Mustard and Pistachio Crusted Rack of Lamb with Minted Peas

by Jenn on March 30, 2010

in Diabetic Friendly,Gluten Free,Meats


As much as I love my vegetables and fruits, when it comes down to it, I am an all-out omnivore, and some of my favorite ways to prepare meats are by roasting them.  Roasting is not hard, but it requires time.  If you are coming home after a long day of work and want food on the table in 10 minutes or less, roasting probably is not going to be your cooking method of choice.  However, if you have even a little time, roasting meat is incredibly stress free and painless – only minor babysitting required, and you can add pretty much whatever flavors you feel like at the moment.

This past weekend, I celebrated a special occasion, my birthday.  Ok, I’m not sure how special that is, but it was a great excuse to purchase a rack d’agneau.  However, in doing so, I committed an eco-sin.  The lamb was from New Zealand, halfway around the world. I really do feel guilty about the fact that the meat I cooked traveled over 10,000 miles to get to my plate, but I did not feel so guilty as to deter me from buying it.  Why?  One, when I was in New Zealand I tasted some of the best lamb I have ever eaten in my life and two, it was the only lamb available in the store – not that those are good excuses I am sure.  It did cost me a dear sum, but well, it was my birthday.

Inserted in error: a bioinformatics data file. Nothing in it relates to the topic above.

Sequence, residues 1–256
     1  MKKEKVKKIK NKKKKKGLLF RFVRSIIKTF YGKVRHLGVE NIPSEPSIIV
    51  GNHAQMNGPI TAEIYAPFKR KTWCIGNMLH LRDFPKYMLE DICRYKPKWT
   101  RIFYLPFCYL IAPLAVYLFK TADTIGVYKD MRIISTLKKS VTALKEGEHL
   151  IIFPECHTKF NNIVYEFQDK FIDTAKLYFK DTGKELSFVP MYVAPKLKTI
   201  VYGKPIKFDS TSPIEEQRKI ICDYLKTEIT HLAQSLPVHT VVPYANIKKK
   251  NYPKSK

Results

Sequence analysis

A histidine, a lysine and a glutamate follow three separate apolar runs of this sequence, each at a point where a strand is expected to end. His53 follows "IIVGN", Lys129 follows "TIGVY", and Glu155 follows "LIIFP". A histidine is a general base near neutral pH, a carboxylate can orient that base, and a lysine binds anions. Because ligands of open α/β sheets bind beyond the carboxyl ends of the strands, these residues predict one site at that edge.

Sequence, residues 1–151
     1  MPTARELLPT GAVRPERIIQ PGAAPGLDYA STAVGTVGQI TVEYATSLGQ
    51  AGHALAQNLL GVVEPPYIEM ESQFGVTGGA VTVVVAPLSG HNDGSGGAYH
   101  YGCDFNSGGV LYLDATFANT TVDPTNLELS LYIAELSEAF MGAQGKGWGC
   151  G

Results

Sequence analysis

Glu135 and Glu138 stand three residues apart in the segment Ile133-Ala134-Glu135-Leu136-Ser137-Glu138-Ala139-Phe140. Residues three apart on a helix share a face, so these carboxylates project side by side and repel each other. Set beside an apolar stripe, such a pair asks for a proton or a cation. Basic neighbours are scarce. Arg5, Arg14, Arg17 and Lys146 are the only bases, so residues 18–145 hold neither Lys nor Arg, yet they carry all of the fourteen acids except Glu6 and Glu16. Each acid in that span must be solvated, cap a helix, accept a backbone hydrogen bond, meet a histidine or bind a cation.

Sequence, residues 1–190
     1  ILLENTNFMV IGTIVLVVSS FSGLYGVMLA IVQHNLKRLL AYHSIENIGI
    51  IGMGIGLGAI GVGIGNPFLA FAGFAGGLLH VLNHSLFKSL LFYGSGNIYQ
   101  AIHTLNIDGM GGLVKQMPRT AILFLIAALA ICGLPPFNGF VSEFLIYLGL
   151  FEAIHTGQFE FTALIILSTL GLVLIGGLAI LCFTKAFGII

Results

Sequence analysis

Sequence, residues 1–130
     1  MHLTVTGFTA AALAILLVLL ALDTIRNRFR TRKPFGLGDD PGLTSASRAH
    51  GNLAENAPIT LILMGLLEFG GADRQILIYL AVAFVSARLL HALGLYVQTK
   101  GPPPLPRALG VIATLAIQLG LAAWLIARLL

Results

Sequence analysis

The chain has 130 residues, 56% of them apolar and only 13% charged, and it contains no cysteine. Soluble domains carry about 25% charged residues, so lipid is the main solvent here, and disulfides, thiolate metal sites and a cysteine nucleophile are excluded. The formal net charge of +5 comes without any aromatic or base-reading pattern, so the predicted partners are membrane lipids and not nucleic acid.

This was my first time roasting lamb, and it was extremely simple to do – I didn’t want to have to freak out that my own birthday dinner wasn’t going to turn out right.  It pretty much went like this – bring meat up to room temp, pan-sear, rub pistachio coating onto lamb, pop in oven, relax.  Take out of oven, eat.  Relax some more :)  There was so much flavor emanating from this dish that each bite was savoured individually, not wanting to accept the fact that at some point, the meal would be over and the flavors would have to end.  One of my favorite things about food is that it is an always ephemeral work of art.  Just as a mandala is ritualistically destroyed to be created anew, so it is with food – each meal is consumed, the flavors lasting for an instant in time, and then they are gone, only to leave us waiting until the next delectable experience.  Sometimes flavors work to bring comfort, sometimes they work to bring art.  There are other parts of this dish too, they are coming next.  When each flavor comes together as a color in a painting, contrasting and blending, causing the taste buds to find new dimensions of taste sensations, that is when art can happen with food.  Now I’m certainly not going to go around calling myself the next Ferran Adrià or anything, but sometimes there are those rare instances where a dish made in such a humble setting (I think 2 burners and a glorified toaster oven qualify my kitchen as “humble”) can have a transformative quality to it.  And then again, it may just be that my husband and I have a taste for flavorful and yet simply created food and are easily pleased.  Speaking of him, I think he enjoyed my birthday present to myself more than I did :)

Also submitted to – Gluten Free Wednesdays